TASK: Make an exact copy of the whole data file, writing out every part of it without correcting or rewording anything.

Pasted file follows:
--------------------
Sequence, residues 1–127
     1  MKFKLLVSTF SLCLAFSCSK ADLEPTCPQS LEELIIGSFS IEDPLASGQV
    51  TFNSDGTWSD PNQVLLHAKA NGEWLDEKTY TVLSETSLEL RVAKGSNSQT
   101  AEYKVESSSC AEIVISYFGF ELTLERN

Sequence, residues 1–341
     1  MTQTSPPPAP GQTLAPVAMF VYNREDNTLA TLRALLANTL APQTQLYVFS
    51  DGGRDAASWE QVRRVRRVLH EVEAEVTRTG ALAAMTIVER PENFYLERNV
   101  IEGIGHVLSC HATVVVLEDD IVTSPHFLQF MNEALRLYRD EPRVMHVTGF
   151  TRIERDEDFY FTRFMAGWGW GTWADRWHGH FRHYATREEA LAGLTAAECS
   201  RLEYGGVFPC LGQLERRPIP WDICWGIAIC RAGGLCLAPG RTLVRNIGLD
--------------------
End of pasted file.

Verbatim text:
Sequence, residues 1–127
     1  MKFKLLVSTF SLCLAFSCSK ADLEPTCPQS LEELIIGSFS IEDPLASGQV
    51  TFNSDGTWSD PNQVLLHAKA NGEWLDEKTY TVLSETSLEL RVAKGSNSQT
   101  AEYKVESSSC AEIVISYFGF ELTLERN

Sequence, residues 1–341
     1  MTQTSPPPAP GQTLAPVAMF VYNREDNTLA TLRALLANTL APQTQLYVFS
    51  DGGRDAASWE QVRRVRRVLH EVEAEVTRTG ALAAMTIVER PENFYLERNV
   101  IEGIGHVLSC HATVVVLEDD IVTSPHFLQF MNEALRLYRD EPRVMHVTGF
   151  TRIERDEDFY FTRFMAGWGW GTWADRWHGH FRHYATREEA LAGLTAAECS
   201  RLEYGGVFPC LGQLERRPIP WDICWGIAIC RAGGLCLAPG RTLVRNIGLD